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I have a long jQuery mobile page and would like to scroll to an element halfway down this page after the page loads.

So far I've tried a few things, the most successful being:

jQuery(document).bind("mobileinit", function() {
  var target;
  // if there's an element with id 'current_user'
  if ($("#current_user").length > 0) {
    // find this element's offset position
    target = $("#current_user").get(0).offsetTop;
    // scroll the page to that position
    return $.mobile.silentScroll(target);

This works but then the page position is reset when the DOM is fully loaded. Can anyone suggest a better approach?


share|improve this question
Did you try binding to the pagecreate event instead. – Frédéric Hamidi Oct 24 '11 at 12:56
yes - and pageInit. No luck :/ – bodacious Oct 24 '11 at 14:19
up vote 3 down vote accepted

The event you're looking for is "pageshow".

share|improve this answer
This kind of works and kind of doesn't. I'm trying to call $.mobile.silentScroll(1000) when the page loads. By sticking it inside a $("div").live("pageshow", function() {}); it works but then resets the position as soon as the page is done loading... any ideas? – bodacious Oct 27 '11 at 14:55
Hmmm.. pageshow is only supposed to fire once the page switching operations are completed. I wonder if the silentScroll is the issue. Try this:$(document).scrollTop(56); – sgliser Oct 27 '11 at 15:51
If that still doesn't work, you might have to do a brief timeout like... setTimeout(function(){$.mobile.silentScroll(1000)},100); – sgliser Oct 27 '11 at 15:53

A bit late, but I think I have a reliable solution with no need for setTimeout(). After a quick look into the code, it seems that JQM 1.2.0 issues a silentScroll(0) on window.load for chromeless viewport on iOS. See, line 9145:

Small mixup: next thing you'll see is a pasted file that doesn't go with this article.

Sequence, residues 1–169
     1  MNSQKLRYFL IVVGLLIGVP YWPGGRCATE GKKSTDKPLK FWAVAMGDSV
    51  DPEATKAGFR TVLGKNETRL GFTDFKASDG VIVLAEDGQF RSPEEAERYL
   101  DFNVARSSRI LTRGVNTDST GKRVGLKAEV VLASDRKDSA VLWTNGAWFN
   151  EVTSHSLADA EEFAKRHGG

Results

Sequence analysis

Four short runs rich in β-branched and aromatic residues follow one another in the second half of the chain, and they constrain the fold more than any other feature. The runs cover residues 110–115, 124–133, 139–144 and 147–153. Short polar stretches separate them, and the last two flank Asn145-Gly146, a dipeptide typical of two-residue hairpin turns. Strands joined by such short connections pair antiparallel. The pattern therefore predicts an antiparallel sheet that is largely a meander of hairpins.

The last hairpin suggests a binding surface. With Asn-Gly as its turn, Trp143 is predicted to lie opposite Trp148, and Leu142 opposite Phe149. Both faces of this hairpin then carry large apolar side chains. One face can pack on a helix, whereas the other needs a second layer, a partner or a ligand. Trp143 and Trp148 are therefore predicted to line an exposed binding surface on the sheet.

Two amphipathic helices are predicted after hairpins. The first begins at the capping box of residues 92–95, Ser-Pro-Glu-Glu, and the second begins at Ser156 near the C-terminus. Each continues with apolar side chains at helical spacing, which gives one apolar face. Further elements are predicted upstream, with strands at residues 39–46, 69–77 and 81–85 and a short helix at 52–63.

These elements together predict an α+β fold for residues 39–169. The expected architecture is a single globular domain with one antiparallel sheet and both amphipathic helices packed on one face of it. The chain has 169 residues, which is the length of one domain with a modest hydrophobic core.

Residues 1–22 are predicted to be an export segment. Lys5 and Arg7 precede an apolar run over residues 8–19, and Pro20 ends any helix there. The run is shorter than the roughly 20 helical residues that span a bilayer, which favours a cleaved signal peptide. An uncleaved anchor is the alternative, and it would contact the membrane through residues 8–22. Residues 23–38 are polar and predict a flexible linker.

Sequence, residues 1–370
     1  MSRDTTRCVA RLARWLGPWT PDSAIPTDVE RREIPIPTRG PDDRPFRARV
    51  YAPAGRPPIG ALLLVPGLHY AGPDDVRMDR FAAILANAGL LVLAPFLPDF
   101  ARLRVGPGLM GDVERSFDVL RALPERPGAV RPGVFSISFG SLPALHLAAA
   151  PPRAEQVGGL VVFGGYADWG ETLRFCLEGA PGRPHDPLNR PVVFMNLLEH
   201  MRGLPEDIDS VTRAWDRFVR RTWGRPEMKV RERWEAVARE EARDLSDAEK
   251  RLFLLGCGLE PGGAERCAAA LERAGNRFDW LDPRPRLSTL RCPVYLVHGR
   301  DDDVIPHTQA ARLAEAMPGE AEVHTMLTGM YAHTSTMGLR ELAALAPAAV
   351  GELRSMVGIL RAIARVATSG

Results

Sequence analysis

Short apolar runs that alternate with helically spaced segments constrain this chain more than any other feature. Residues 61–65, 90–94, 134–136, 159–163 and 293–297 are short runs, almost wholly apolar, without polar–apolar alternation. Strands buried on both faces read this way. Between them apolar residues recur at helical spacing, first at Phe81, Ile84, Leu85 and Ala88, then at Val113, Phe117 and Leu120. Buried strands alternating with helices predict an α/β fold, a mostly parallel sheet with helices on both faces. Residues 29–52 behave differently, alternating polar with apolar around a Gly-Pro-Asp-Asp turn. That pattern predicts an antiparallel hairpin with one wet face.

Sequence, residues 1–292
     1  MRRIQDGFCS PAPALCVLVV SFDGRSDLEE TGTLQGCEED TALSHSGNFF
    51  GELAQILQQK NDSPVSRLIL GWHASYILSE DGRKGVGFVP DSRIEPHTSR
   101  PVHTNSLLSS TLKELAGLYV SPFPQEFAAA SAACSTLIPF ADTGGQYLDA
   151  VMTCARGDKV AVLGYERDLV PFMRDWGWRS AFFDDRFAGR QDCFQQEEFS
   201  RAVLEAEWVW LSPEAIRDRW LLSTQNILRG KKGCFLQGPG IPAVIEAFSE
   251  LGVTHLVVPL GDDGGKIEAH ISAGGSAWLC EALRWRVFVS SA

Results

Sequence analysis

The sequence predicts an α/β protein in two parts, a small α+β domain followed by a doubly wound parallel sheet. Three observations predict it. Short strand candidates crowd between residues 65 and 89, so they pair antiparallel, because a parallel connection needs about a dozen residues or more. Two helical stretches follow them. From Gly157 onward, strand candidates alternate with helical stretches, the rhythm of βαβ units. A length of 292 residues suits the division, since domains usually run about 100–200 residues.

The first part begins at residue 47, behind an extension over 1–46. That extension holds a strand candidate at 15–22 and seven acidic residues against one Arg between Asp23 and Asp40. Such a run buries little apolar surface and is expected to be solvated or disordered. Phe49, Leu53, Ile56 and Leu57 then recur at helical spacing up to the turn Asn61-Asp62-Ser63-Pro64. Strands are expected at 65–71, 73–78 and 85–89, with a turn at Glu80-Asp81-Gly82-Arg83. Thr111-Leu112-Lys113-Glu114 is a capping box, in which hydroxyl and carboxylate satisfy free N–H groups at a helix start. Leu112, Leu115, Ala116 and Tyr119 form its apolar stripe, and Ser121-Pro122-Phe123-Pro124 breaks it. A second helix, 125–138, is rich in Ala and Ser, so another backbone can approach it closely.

// window load event
    // hide iOS browser chrome on load
    $window.load( $.mobile.silentScroll );

What happens is that this conflicts with applicative calls to silentScroll(). Called too early, the framework scrolls back to top. Called too late, the UI flashes.

The solution is to bind a one-shot handler to the 'silentscroll' event that calls window.scrollTo() directly (silentScroll() is little more than an asynchronous window.scrollTo() anyway). That way, we capture the first JQM-issued silentScroll(0) and scroll to our position immediately.

For example, here is the code I use for deep linking to named elements (be sure to disable ajax load on inbound links with data-ajax="false"). Known anchor names are #unread and #p<ID>. The header is fixed and uses the #header ID.

$(document).bind('pageshow',function(e) {
    var $anchor;
    if (location.hash == "#unread" || location.hash.substr(0,2) == "#p") {
        // Use anchor name as ID for the element to scroll to.
        $anchor = $(location.hash);
    if ($anchor) {
        // Get y pos of anchor element.
        var pos = $anchor.offset().top;

        // Our header is fixed so offset pos by height.
        pos -= $('#header').outerHeight();

        // Don't use silentScroll() as it interferes with the automatic 
        // silentScroll(0) call done by JQM on page load. Instead, register
        // a one-shot 'silentscroll' handler that performs a plain
        // window.scrollTo() afterward.
        $(document).bind('silentscroll',function(e,data) {
            window.scrollTo(0, pos);

No more UI flashes, and it seems to work reliably.

share|improve this answer

I was digging a lot this issue, also at jQuery mobile official forum.

Currently it seems that there is no solution (at least for me).

I tried different events (mobileinit, pageshow) and different functions (silentscroll, scrolltop) as suggested above, but, as a result, I always have page scrolled until all images and html is finished loading, when page is scrolled to top again!

Partial and not really efficient solution is using a timer as suggested in comment to sgliser's answer; unfortunately with a timeout is difficult to know when page will be fully loaded and if scroll happened before that, it will scroll back to top at the end of load, while if it happens too long after page has fully loaded, the user is already scrolling page manually, and further automated scroll will create confusion.

Additionally, would be useful to have silentscroll or other function to address a specific id or class and not plain pixels, because with different browsers, resolutions and devices it may give different and not correct positioning of the scroll.

Hope someone will find a smarter and more efficient solution than this.

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